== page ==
101 internautes sur 108 ont trouvé ce commentaire utile
- Publié sur Amazon.com
Format: Format Kindle
This litcrit is well-written and funny, but here's the trouble: I spy a wee thread of sexism.
Rodi is right - there is a "Jane Austen" that is not the same as Jane Austen, a tamed version that lives in people's minds and is associated primarily with romance, and the impulse to push the real Austen forward at the people who can only gush over her ~*~heroes~*~ and their associated most dramatic moments (or wet shirt scenes. To go off on a tangent, it seems immeasurably hypocritical that nobody these days says anything against Colin Firth in a wet shirt, but all hints of eroticism in newer adaptions get pooh-poohed as pandering). However, he presents himself as the sole voice of reason when there are many people in Jane Austen's fandom, mostly women, who are well aware that she was primarily writing comedies of manners, satires on human behavior. And at the same time, when he rails against romance novels and films
("... and Austen, the supposed progenitor of "Regency romance", the patron saint of "chick lit", the inspiration for who even knows how many craptacular costume dramas with dewy close-ups of heaving bazooms and quivering lips ...")
I detect even more revulsion for the people (again, primarily women) who enjoy them. What is it that makes these costume dramas craptacular? Apparently, nothing except their focus on a dramatic romantic storyline.
I cannot speak for everyone who discusses Austen's place in the ancestry of the romance novel, but it seems to me that there *is* a general understanding out there that she did not single-handedly give birth to the genre. Her female-character-centric novels partly inspired Georgette Heyer and other writers to write the original "traditional" Regency romances, which then led to the more dramatic and far more erotic romance novels of today. She was not writing romance novels herself, but she did help to set the stage for the romance novel down the line. You can complain about the connection if you wish, but you're simply off the rails if you think Austen's got nothing to do with romance novels just because she was also writing satirically - and if part of your reasoning is that the romance genre is wholly sub-standard, then there are even more issues.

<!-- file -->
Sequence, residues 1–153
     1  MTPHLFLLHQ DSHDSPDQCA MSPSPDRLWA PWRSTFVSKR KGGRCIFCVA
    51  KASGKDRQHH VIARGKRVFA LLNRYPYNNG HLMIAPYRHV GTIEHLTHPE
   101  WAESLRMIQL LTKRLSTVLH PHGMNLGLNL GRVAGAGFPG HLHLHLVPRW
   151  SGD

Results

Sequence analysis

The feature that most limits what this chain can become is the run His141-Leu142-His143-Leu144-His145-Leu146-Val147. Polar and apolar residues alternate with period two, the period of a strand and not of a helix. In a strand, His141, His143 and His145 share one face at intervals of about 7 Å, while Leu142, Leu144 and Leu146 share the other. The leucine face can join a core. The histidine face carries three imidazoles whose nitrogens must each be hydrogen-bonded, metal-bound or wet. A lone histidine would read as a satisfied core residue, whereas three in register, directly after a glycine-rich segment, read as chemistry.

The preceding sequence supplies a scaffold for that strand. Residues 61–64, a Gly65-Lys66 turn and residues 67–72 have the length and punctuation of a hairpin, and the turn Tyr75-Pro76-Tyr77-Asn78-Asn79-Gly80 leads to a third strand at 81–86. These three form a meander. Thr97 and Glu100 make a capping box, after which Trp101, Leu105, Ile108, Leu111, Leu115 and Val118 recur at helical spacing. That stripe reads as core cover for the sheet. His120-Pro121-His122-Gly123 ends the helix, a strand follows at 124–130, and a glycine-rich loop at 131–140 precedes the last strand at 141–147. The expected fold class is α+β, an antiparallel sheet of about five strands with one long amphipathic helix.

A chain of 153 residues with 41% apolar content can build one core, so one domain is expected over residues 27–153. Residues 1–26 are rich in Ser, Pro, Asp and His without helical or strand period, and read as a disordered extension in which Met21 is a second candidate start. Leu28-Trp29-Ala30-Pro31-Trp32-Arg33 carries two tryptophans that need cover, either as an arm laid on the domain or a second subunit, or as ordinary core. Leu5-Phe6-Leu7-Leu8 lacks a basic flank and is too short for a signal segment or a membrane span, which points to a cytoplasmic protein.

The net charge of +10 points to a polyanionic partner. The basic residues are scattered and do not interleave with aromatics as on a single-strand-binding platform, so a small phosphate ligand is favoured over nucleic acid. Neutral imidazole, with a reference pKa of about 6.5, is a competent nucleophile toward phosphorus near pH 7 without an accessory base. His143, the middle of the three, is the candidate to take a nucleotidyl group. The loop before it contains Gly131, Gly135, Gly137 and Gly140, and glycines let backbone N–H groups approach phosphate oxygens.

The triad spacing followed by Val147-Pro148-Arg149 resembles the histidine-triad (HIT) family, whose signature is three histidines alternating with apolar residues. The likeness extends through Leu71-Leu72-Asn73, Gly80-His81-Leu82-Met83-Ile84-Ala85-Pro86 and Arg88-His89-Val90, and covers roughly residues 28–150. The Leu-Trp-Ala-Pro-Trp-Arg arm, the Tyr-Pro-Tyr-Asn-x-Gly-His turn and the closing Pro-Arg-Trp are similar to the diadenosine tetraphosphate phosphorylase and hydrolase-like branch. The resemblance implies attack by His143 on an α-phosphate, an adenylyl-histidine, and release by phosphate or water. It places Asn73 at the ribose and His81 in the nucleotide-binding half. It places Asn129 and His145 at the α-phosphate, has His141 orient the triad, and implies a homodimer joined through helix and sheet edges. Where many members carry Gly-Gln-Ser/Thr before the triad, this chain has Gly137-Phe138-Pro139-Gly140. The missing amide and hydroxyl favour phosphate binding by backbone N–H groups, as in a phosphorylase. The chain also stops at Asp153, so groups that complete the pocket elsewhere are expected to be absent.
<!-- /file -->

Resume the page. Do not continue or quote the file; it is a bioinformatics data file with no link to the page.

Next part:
The text itself was a great read, sort of like sitting down with a sharp-witted friend to discuss the novels, with the occasional typo (eg, "Willoughy" for "Willoughby") or accidental factual error (eg, calling Marianne Mrs. Dashwood's youngest daughter). There's just this recurring feeling that he's telling the ladies to sit down and listen that makes me unable to give more than three stars.
ETA: At the time I wrote the above review, I had only read the first third of the book, on Sense & Sensibility, and I assumed I would feel the same about the rest. I was incorrect.
Re: Pride & Prejudice's section: Rodi's enthusiasm and love for the book shined through. However, his overblown, hysterical reactions and the way he keeps saying that various characters are feeling tempted to commit violence made me start to think Austen could have written him as one of her caricatures. Something along the lines of Isabella Thorpe, only with the addition of the repeated "look how manly I am/my reading is" strain.
Re: Mansfield Park's section: My feelings here are no longer mixed at all. In fact, they've gone from "I wouldn't recommend it but I wouldn't dissuade anyone from reading it" to "NO", and the rating lost a star. The main problem is that, in verbally demolishing Fanny Price, Rodi has a) demolished his own premise that Jane Austen was not writing "chick-lit" or romance and b) failed to take Austen's society into account. By this point, he has invented his own Austen brand to compete with the supposedly overwhelmingly prevalent "romance novelist Austen" one, and appears upset that in Mansfield Park the real Austen does not line up with his brand. Perhaps the most striking instance of this was the assertion that Austen wrote MP as penance, deliberately suffering to atone for writing the super-sparkly-awesome Elizabeth Bennet, closely followed by the rather shocking idea that the reader is meant to hate Mary Crawford as the rival. Really? Because the idea that a rival must be hateful simply for being different from the heroine seems like one that's pervasive in romance novels and chick-lit, to me. Same as the desire to see two differing personalities who have tension together end up married.
Fanny Price is a difficult girl to love. She's not the stuff of which heroines are made; a lot of them start out small and downtrodden, but these days it's well-known that an oppressed girl needs to burst from her shell and shock everyone with her vibrant true self. Fanny doesn't, which automatically makes her worthwhile for looking deeper as something of an anomaly. Rodi maintains that the narration is lying, and that Fanny is in fact a big old hypocrite who enjoys ruining people's fun. The fact is, Fanny's behavior has been molded by years of emotional abuse. She gets fluttery at the thought of attention being paid to her and carriages being summoned for her because she's been trained by just about every member of her family to think that she doesn't deserve that, and that if she gets it it will be accompanied by criticism and slights (and probably Aunt Norris's screeching). Not to mention that she seems to have a decent helping of social anxiety, which doesn't appear to cross Rodi's mind. Fanny gets lambasted for her trepidation at approaching the door to her uncle's study - but I have to say that I've felt much the same thing when I come to a closed door that I know I have to knock on in order to have a nerve-wracking interview (or to make a phone call that I'm dreading - Fanny, be thankful you haven't one of those). Now, maybe I really am the cringing worm Fanny's made out to be here - or maybe Rodi is being extraordinarily self-centered.